HANOI (Reuters) - Vietnam’s Communist Party re-elected Nguyen Phu Trong to its top post on Wednesday, an expected outcome that bolsters consensus rule but creates some uncertainty about the momentum of economic reform.
Trong, 71, is seen by experts as a conservative apparatchik and a party loyalist unlikely to deviate from the party’s economic and foreign policy agenda, at a time when China and the United States are vying aggressively for influence.
The five-yearly congress, normally considered a dull affair, had stirred rare public excitement about politics due to the prospect of a leadership challenge from pro-business premier Nguyen Tan Dung, whom the politburo overlooked in its nominations for key posts. Despite speculation of a tense showdown, Dung chose not to contest.
Trong was the politburo’s sole candidate for party chief, clipping the wings of Dung, 66, who had garnered broad party support and cultivated an image as a progressive with his decisive running of a fast-growing economy.
Analysts regard Trong as a party stalwart keen to uphold a collective rule that Dung’s ambition and popularity among businessmen could have tested.
Resentment still festers among Dung’s party opponents over crises in the banking and state sectors under his two-term premiership, experts say.
Political analyst Nguyen Quang A said Dung’s politburo exit was due to personality clashes and the party’s consensus rule may not be an impediment as private business booms and the country seeks to integrate globally.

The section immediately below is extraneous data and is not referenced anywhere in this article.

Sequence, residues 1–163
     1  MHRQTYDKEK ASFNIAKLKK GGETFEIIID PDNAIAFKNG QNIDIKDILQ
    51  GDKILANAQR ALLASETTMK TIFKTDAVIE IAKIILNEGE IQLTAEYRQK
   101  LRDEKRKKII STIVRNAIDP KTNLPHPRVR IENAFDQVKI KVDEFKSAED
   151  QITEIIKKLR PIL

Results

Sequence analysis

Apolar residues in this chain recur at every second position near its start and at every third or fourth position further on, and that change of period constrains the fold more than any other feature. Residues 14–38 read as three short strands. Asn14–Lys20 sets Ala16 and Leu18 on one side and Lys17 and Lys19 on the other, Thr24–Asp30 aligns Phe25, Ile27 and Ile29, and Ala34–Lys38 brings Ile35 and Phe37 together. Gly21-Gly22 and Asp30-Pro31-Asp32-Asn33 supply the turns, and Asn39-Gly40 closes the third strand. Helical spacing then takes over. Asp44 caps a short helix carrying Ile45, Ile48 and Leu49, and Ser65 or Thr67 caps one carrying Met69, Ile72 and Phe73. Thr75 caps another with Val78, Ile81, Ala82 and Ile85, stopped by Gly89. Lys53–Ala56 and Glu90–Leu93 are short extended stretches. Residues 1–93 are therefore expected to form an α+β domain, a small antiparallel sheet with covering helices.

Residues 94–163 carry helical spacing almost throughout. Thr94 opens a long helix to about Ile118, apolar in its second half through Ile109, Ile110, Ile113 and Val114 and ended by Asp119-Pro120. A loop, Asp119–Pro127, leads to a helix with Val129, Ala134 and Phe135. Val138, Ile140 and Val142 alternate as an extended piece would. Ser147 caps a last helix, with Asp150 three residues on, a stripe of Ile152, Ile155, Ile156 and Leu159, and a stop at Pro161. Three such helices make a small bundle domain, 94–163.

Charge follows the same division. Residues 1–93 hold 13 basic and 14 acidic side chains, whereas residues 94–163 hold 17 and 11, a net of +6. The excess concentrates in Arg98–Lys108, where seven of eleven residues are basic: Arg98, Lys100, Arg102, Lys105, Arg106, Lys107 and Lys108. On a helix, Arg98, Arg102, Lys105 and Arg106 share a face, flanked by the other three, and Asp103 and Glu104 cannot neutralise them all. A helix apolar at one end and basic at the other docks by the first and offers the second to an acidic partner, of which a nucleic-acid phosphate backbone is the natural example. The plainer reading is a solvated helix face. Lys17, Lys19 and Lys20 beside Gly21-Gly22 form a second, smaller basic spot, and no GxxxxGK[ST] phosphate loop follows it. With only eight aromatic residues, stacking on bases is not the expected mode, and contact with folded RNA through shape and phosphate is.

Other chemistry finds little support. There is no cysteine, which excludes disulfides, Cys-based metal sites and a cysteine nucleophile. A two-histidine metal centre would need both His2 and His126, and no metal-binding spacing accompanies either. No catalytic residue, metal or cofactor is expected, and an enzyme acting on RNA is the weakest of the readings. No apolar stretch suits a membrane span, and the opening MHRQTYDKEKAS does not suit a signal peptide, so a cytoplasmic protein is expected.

“There are forces outside of the Communist Party that will lead the progress of the country,” he said.
“Trong is no strongman, he won’t overrule the collective decisions. We can see a lot of younger, Western-educated people now on the party’s central committee.”
A source familiar with internal affairs of the secretive party confirmed to Reuters Trong’s re-election. The congress is due to endorse him on Thursday and announce a new politburo.
The party has not officially announced him retaining the post, although the congress website carried a photograph of Trong holding flowers and flanked by smiling officials, with a caption saying they were congratulating him on being re-elected.
Some investors saw that as a win for the old guard that brings uncertainty about the trajectory of an economy that was spurred last year by a slew of new liberal regulations and Vietnam’s accession to multilateral trade pacts.
The re-election to the central committee of some key policymakers and ministers of Dung’s government, however, could signal wholesale changes may not take place.
Reporting by Martin Petty; Editing by Ruth Pitchford